The new golden bridge which will span Swansea’s Oystermouth Road

The new bridge that will be built near Swansea’s under construction indoor arena has been spotted almost complete in Swansea.

The 50 metre-long gold-coloured structure, which arrived in the city in sections in September, will be built next to the 3,500-capacity arena and multi-storey car park, which are due to open next year.

When completed, the bridge will be moved into place over Oystermouth Road to link the city centre to the arena, its coastal park and the marina.

According to Swansea Council the bridge will be used by thousands of pedestrians and cyclists every week.

The completed structure will have perforated steel sides designed by Swansea artist Marc Rees. Mr Rees said he was influenced by Japanese origami to create a “folded swan” look to the bridge, adding: “The swan in Celtic culture symbolises migration – moving forward, and change.”

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The bridge still needs some bits adding before it’s the finished product
(Image: WalesOnline/ Gayle Marsh)
Construction work continues on the indoor arena and the multi-storey car park in Swansea
(Image: WalesOnline/ Gayle Marsh)
(Image: WalesOnline/ Gayle Marsh)

The bridge will compliment the exterior of the new arena, which will be gold and “studded with more than 77,000 LED digitally controlled light bulbs”, the council has said.

The plans form part of the £135m Swansea Central Phase One scheme, which is planned to be a catalyst for wider development as part of the city’s £1bn regeneration.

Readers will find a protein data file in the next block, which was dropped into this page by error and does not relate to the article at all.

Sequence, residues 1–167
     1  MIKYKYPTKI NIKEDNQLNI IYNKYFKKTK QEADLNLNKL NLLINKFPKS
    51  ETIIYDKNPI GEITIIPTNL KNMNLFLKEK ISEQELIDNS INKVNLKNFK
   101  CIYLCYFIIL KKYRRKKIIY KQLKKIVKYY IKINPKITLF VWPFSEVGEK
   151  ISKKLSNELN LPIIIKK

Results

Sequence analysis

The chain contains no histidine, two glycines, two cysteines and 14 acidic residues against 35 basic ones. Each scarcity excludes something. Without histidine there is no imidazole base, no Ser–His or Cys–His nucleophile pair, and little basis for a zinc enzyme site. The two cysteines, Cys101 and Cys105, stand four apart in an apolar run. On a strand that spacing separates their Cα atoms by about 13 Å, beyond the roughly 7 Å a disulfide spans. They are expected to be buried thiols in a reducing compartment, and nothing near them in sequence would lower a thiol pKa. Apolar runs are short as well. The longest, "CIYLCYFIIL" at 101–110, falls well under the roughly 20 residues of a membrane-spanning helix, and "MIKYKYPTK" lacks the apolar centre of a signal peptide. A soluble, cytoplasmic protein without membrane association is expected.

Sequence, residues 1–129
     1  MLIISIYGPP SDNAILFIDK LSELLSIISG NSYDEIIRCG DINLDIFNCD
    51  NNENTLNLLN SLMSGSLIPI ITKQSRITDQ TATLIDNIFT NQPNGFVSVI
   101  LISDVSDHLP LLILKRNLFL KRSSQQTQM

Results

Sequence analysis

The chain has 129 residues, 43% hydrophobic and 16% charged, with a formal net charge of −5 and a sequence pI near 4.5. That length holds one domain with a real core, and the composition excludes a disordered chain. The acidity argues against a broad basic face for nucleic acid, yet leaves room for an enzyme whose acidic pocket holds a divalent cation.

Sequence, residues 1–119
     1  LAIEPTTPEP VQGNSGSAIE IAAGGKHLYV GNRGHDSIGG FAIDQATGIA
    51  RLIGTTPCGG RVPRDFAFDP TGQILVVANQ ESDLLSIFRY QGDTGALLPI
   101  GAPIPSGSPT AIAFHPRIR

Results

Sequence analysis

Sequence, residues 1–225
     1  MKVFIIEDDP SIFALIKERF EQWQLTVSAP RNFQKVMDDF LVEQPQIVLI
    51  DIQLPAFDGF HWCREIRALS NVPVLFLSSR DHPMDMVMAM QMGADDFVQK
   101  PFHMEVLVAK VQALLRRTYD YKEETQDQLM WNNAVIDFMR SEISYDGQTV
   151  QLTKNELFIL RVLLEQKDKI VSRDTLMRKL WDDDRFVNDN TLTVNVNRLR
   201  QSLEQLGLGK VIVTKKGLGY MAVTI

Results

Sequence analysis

As well as the arena and bridge, phase one will include parkland and parking for around 1,000 cars, homes and commercial units.

Take a fly-through of a future Swansea:

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An artist’s impression of how the pavilion cafeteria, which will stand close to Swansea’s new indoor arena, will look
(Image: Pinelog/ Swansea Council)

A pavilion with “striking” architecture is also planned to sit close to the arena.

Plans for the oval and wedge-shaped building include a 94 square metre café-restaurant, a kitchen, plus internal and external toilets.

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The designs feature wood, local stone, stainless steel, aluminium and a solar roof. Natural lighting and ventilation will be used wherever possible. It’s also promised that lighting will be low-energy and light pollution will be minimised.

Funding sources include the council, the Swansea Bay City Deal, and the Welsh Government.

WalesOnline – Swansea